Let's take the Creature Collection. One of the entries is Elf, Forsaken, and describes a particular regional variant of elf that lost their patron demi-god and much of their fertility and extended lifespan during the Titanomachy. Forsaken elves kidnap human children and raise them as breeder-slaves in an attempt to use human-elf interfertility to restore their subrace's population growth (why there was a shortage of human volunteers for elf-sexing is not addressed). As a result, 95% of all half-elves have Forsaken Elf parentage, and are caught up in an ongoing kidnap-rape controversy between the two peoples.

So if you wanted to play a Half-Elf in the Scarred Lands, there's a lot of setting-specific shit associated with you that's tucked away in an entry in the monster book. Also, if you wanted to play an Elf, there's a big racial-relations shitstorm you should probably be aware of, because there are parts of the setting where it could get you lynched. But if you were getting into Scarred Lands out of the setting product with a map and shit, you didn't know any of that.

On the other (class-related) hand, Relics and Rituals tells you that Druids are followers of the Titans (who lost a setting-defining war and Are Hitler in the pubic consciousness) and even the Druids who follow the one nice Titan face prejudice for that. It also mentions that arcane magic is mistrusted because it seems to be the power of one of the Titans and might be reviving him, and also that it generates a lot of waste heat so that most arcane casters dress like Vallejo characters and take double ASF. I think both of those are mentioned in passing in other materials, but that the actual rules for arcane heat and associated cold resistance are only in R&R.

And so on.
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"Now that we've determined that up to π angels can dance on the head of a pin, how do we determine the specific number (or fraction) of angels dancing?"
"What if angels from another pin engage them in melee combat?"
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hogarth
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PostPosted: Thu Feb 02, 2017 11:36 am    Post subject: Re: OSSR: The Divine and the Defeated Reply with quote Add User to Ignore List

angelfromanotherpin wrote:

So if you wanted to play a Half-Elf in the Scarred Lands, there's a lot of setting-specific shit associated with you that's tucked away in an entry in the monster book. Also, if you wanted to play an Elf, there's a big racial-relations shitstorm you should probably be aware of, because there are parts of the setting where it could get you lynched. But if you were getting into Scarred Lands out of the setting product with a map and shit, you didn't know any of that.

But I thought you said there wasn't any setting product, let alone "the" setting product. Or are you talking about "Mithril: City of the Golem"?
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angelfromanotherpin
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PostPosted: Thu Feb 02, 2017 11:57 am    Post subject: Re: OSSR: The Divine and the Defeated Reply with quote Add User to Ignore List

hogarth wrote:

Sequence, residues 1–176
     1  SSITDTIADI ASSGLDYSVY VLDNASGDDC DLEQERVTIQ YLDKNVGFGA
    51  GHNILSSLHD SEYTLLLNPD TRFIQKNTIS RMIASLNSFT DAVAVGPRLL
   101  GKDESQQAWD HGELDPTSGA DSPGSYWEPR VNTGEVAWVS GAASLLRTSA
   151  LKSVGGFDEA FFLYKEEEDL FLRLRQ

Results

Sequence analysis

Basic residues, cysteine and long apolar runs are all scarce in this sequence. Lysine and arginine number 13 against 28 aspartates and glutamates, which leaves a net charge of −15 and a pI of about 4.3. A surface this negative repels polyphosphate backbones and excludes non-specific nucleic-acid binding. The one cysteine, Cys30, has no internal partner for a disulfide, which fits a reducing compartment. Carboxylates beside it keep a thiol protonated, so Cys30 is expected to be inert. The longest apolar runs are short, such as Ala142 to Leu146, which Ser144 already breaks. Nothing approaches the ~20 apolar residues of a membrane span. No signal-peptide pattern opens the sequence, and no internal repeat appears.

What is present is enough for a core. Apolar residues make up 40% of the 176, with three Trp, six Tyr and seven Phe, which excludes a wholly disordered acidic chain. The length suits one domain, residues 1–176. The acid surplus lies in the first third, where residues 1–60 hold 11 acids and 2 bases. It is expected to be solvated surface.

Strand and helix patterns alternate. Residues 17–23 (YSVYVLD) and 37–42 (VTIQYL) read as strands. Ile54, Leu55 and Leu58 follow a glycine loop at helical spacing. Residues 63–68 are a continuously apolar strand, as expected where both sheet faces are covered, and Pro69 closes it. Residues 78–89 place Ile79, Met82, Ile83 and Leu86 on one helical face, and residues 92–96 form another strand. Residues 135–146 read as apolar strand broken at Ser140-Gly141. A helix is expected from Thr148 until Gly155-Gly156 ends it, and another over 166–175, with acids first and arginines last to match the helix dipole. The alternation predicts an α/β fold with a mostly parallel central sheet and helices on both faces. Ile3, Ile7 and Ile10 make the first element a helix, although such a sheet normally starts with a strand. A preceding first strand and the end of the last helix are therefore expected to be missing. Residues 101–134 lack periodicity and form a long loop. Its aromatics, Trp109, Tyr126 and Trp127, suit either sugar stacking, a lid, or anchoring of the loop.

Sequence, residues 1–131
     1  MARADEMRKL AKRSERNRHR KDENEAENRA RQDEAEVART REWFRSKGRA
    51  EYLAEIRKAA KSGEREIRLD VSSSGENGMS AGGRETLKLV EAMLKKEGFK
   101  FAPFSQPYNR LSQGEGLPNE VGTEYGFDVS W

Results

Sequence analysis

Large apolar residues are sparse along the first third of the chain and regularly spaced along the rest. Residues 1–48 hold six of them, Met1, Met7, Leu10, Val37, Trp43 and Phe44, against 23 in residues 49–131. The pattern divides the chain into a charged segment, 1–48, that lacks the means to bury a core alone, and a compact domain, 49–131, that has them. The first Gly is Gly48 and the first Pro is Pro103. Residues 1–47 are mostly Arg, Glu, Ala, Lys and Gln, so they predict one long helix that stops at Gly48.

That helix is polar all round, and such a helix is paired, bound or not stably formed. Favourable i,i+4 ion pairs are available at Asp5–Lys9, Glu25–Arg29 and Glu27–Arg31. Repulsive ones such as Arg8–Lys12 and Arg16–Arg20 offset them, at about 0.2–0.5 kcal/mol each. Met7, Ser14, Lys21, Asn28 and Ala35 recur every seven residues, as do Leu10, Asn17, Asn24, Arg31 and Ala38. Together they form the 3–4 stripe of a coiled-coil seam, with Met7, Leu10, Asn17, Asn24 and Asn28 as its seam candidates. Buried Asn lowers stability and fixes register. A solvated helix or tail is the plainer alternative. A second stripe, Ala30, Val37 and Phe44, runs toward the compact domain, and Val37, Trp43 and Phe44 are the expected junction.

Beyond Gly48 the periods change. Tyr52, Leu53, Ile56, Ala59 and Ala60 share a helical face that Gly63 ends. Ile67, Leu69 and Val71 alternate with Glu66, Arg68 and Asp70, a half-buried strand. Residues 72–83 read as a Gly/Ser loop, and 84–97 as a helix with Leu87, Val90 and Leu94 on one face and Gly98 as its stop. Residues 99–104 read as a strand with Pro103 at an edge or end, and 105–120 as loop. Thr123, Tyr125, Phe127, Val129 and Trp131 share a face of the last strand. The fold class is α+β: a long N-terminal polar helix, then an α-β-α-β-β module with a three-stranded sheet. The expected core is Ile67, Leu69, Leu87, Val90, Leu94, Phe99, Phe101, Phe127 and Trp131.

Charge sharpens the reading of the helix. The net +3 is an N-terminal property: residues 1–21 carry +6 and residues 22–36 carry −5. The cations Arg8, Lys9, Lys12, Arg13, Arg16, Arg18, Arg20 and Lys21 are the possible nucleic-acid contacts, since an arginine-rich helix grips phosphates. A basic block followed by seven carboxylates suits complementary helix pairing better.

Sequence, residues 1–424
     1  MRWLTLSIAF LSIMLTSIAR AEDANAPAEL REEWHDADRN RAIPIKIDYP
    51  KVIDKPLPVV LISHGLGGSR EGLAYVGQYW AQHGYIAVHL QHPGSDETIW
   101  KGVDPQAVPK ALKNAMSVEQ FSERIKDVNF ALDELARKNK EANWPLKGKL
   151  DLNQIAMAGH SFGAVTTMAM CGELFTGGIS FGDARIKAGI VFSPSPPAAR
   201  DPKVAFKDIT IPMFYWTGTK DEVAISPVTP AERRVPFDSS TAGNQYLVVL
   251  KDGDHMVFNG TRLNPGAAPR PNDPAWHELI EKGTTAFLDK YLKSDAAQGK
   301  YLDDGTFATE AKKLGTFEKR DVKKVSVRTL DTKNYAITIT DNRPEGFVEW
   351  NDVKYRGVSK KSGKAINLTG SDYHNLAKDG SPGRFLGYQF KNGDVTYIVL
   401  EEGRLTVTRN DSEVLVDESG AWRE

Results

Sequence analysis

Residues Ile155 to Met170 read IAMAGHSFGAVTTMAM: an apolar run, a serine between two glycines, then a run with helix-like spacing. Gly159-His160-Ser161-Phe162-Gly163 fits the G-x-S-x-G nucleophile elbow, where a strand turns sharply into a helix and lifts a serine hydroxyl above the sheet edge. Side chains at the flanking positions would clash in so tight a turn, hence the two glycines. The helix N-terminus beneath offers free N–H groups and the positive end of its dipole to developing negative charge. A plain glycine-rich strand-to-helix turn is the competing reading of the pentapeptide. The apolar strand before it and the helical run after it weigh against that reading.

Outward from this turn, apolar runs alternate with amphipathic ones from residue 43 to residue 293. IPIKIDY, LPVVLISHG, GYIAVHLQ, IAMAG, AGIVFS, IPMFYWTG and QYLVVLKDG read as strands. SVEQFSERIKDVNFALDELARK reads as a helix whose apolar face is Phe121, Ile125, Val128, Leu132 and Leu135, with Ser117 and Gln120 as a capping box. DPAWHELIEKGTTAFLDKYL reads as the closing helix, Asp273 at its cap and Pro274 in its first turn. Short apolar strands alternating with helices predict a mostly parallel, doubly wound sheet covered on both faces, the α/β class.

But I thought you said there wasn't any setting product, let alone "the" setting product. Or are you talking about "Mithril: City of the Golem"?

In a sense they were all setting products, although I was referring to the only one with an overland map and a rundown of the various nations (Ghelspad Gazetteer). What was missing was a setting guide for players, to lay out all the setting-specific assumptions (and rules) about the races and classes in one place so you could make informed decisions without having to jigsaw-puzzle it together from every product in the line, especially since the average number of indices in those products was zero.
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"Now that we've determined that up to π angels can dance on the head of a pin, how do we determine the specific number (or fraction) of angels dancing?"
"What if angels from another pin engage them in melee combat?"
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amethal
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PostPosted: Fri Feb 03, 2017 10:43 am    Post subject: Re: OSSR: The Divine and the Defeated Reply with quote Add User to Ignore List

angelfromanotherpin wrote:
It also mentions that arcane magic is mistrusted because it seems to be the power of one of the Titans and might be reviving him, and also that it generates a lot of waste heat so that most arcane casters dress like Vallejo characters and take double ASF. I think both of those are mentioned in passing in other materials, but that the actual rules for arcane heat and associated cold resistance are only in R&R.

The waste heat thing is mentioned in the Players Guide to Wizards, Bards and Sorcerers. If there was a book to have all the class related stuff in the same place, that would be it. Whether it does or not I couldn't say, because I stopped reading at that point.
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hogarth
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PostPosted: Fri Feb 03, 2017 11:17 am    Post subject: Reply with quote Add User to Ignore List

I certainly agree that it's annoying to have setting information presented in random books in random order.

For instance, the Pathfinder Core Rulebook states that Erastil is the Lawful Good god of community and family and then some random other book explains that he's actually the god of "women should be kept barefoot and pregnant in the kitchen" (or whatever).